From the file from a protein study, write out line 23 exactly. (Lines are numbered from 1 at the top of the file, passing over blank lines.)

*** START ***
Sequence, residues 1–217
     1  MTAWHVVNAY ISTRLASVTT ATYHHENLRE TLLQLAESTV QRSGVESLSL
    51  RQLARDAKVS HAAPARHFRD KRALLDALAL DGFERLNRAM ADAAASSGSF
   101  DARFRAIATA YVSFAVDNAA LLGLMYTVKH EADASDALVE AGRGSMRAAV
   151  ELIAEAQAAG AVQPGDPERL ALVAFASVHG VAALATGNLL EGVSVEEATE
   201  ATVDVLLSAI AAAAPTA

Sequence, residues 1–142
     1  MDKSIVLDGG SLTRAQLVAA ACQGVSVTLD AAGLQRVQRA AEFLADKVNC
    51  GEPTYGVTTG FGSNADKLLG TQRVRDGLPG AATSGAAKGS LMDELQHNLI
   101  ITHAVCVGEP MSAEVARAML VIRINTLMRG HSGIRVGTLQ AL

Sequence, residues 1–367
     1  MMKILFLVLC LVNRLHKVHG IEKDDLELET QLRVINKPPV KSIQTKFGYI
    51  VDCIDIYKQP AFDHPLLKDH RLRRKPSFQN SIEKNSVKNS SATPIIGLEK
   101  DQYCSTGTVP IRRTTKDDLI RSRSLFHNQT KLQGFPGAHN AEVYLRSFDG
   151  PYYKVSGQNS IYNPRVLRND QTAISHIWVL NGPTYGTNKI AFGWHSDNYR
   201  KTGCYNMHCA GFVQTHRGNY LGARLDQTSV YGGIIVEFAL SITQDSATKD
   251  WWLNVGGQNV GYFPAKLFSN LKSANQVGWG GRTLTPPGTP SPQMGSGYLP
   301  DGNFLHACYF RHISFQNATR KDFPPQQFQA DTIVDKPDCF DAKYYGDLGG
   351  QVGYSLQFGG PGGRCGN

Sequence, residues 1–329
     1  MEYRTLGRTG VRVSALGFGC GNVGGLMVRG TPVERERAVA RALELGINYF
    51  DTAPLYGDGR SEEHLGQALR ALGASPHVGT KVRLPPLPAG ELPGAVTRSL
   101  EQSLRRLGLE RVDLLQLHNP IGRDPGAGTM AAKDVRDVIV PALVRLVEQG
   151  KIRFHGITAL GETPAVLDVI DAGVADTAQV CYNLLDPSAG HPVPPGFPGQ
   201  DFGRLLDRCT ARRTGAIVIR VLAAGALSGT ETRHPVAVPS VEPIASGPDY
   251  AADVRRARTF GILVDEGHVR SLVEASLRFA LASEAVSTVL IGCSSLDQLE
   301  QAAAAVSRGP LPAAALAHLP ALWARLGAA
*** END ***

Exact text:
   101  EQSLRRLGLE RVDLLQLHNP IGRDPGAGTM AAKDVRDVIV PALVRLVEQG